By Joseph Tsidulko
By Patrick Range McDonald
By David Futch
By Hillel Aron
By Dennis Romero
By Jill Stewart
By Dennis Romero
By Dennis Romero
Rosie describes herself as the Oakwood’s Auntie Mame, though the kids may see it a bit differently. “No matter what event you go to, she’s always there announcing things,” says Elyse. “I think the kids fear Rosie more than they fear the security guards. She has a microphone in her office in the North Clubhouse, and it’s like the voice of God telling us to be quiet.”
A good number of recent divorcées who are seeking comfort in the Oakwoods’ fully furnished units, and the occasional top-level Fortune 500 executive in the process of relocating, also call the local Oakwood complexes (there are a dozen in greater L.A.) home.
Oh yeah, and of course there’s the Mumbler. “We’ve got a lot of weird old people here,” explains Brittany Robertson, a shockingly petite 12-year-old with a gorgeous face, who has just done a national Mattel commercial and a independent feature called The Ghost Club, on which Elyse happened to be a production assistant. “We got one real mean guy that just hangs around all day and mumbles. He’s all, ‘blah, blah, blah, TV’s-out-of-order, mumble, mumble, mumble.’”
Hallee’s father, Mike Hirsh, a 56-year-old, retired Marine lieutenant colonel, who now dedicates his days to shuffling his daughter to auditions and sets, says that there’s a good side and bad side to living inside the gated community. “The good side is it’s a lot of kids that are like-minded and quasi-protected. You don’t feel bad about them running around the Oakwood at night, the security guards know them. The downside is the backstabbing. It’s a little Peyton Place.”
Along those lines, Caitlyn confesses that when she first arrived, “The core kids weren’t all that impressed. They were like, ‘Oh, she’s just one of the pilot-season kids, she’s just gonna be here for a little while and leave.’”
“She was a bit overwhelming at first,” admits Elyse, who next week starts work on a low-budget horror movie, in which she gets to slit her own throat.
“For some reason we started to really respect her,” says Hallee, slurping from a large iced mocha at Priscilla’s, a Riverside Drive ice cream and coffee shop that offers a safe haven for the vehicle-less Oakwood kids who thrive on sugar, caffeine and Ms. Pac Man. Priscilla’s would make the most excellent location for a TV show: It’s very Friends-y, very prime time, filled with former soap stars, chess players, and acting students from the studio next door.
“It was amazing, the main reason was, she was very persistent. She knew we didn’t like her and she didn’t just give up. She just kept following us around and saying, ‘I’m Caker.’ And now she is like the coolest one here.”
“We have a lot of cool conversations, I swear to God,” Hallee assures with another slurp. “You’ve got to hear us at like 4 in the morning.”
“Do you guys have crushes on any of the guys around here? What about that cutie behind the counter?”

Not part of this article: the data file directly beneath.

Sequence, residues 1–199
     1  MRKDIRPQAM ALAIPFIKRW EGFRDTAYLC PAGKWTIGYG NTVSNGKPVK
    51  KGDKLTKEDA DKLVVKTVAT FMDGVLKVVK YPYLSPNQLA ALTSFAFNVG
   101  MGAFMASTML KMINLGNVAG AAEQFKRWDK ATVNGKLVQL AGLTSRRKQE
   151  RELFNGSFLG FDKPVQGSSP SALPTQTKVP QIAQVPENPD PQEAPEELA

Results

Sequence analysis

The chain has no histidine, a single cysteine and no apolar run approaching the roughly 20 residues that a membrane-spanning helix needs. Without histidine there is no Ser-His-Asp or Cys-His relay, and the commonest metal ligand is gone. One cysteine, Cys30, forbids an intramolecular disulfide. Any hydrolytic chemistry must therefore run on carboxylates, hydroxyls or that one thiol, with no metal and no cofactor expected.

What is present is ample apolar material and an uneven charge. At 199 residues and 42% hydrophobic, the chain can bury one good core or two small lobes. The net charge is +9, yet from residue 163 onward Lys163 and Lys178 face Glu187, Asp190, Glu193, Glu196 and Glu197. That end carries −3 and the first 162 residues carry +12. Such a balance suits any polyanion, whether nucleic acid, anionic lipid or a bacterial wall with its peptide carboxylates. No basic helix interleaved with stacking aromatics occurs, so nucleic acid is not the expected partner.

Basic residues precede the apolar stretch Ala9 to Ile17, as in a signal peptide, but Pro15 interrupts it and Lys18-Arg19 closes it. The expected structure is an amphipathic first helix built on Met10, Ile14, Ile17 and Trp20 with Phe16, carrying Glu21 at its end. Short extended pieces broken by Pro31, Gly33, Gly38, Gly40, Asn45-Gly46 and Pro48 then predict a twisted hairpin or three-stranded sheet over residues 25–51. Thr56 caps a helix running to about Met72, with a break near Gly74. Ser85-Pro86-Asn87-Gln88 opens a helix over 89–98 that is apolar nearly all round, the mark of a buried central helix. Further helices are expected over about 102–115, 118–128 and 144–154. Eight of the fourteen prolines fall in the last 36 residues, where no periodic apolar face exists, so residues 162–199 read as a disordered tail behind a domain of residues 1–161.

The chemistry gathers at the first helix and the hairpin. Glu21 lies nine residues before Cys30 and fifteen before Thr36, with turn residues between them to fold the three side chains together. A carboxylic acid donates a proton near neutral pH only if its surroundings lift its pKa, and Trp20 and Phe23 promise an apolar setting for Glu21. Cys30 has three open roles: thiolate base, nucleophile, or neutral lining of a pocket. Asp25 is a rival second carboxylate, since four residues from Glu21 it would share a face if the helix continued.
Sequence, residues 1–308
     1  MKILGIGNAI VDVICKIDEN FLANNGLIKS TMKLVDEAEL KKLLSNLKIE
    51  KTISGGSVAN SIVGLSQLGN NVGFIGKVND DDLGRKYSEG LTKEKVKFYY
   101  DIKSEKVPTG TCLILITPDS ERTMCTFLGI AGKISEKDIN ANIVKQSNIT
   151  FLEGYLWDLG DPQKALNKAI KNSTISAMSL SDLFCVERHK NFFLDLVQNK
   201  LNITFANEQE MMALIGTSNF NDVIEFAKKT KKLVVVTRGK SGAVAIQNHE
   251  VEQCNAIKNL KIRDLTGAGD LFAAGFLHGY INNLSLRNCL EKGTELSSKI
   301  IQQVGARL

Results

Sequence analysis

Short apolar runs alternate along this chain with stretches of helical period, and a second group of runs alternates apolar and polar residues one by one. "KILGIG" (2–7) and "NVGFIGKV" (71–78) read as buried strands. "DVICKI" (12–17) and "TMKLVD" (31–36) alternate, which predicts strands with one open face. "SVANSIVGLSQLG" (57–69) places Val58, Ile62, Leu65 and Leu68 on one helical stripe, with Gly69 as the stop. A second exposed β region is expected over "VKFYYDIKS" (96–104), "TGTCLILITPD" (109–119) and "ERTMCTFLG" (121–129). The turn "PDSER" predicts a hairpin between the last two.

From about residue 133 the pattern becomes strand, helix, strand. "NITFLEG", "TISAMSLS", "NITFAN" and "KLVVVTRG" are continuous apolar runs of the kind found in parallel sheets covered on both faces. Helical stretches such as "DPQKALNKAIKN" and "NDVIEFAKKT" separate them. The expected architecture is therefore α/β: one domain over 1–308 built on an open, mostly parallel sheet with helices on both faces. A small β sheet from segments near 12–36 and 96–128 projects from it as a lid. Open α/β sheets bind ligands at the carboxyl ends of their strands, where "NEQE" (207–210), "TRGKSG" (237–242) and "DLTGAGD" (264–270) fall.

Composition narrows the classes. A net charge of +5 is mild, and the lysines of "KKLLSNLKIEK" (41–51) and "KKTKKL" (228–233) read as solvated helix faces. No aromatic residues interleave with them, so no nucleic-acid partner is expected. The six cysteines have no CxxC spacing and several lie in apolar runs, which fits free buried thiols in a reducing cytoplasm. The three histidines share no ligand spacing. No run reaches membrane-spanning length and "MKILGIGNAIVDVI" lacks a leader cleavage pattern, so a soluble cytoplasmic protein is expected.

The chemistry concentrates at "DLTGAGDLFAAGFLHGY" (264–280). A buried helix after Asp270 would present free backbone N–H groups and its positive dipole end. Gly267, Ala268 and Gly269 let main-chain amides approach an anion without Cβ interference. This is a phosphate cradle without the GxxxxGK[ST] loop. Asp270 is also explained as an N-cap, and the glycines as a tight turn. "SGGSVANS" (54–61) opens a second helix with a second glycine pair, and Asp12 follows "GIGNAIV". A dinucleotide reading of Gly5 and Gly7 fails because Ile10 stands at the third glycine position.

“I don’t like him,” says “Caker,” casting her eyes dramatically to the floor. “He wouldn’t give me free gelato.”
“He wouldn’t accept her flirt,” says Elyse. “That’s all you need to know about Caker.”
“Some people would say I’m a slut, but I’m a flirt,” Caker explains, licking a chocolate gelato–filled spoon clean.
“What’s the difference?”
“Sluts sleep with the people they flirt with. I just think it’s funny.”
“We’re exaggerating, it’s not that bad,” says Elyse, who shared a two-bedroom at the Oakwood this pilot season with a 12-year-old and her grandma.
This afternoon, a number of regulars will drop by the girl’s small round table: “Mitch,” a “writer” who used to live in Maui and now lives in his van with his dog; “Mark,” who last week pitched the girls a celebrity cooking show idea that featured Ricky Martin; and Luke, Frankie Muniz and a leggy Canadian named Jessica who had a bit part in Muniz’s film Agent Cody Banks. One of Luke’s other best friends, 18-year-old Chris Marquette, who plays Linderman in Freddy vs. Jason, and who looks eerily like a mini–John Cusack, will also do a swing-by.
One of the other aspects of life at the Oakwood that can add to its Peyton Placeness, or worse yet, Survivor-like quality, is that everyone doesn’t always achieve the same level of success at the same time. For example, two of Luke’s best friends, Chris and Frankie, both of whom Hallee has known since she was a little kid, have been working nonstop recently, whereas Luke hasn’t booked an acting gig in a while.
“I’m so happy for them,” says Luke, sincerely. “It’s wonderful. But when all my good friends are working and stuff, it’s difficult. It’s true, to some extent it’s trashed my self-esteem. But, obviously, I have enough faith in myself to be out here doing what I’m doing. It’s sort of that spine-of-steel mentality.” Luke admits there is also an art to dealing with those who have achieved less than yourself professionally.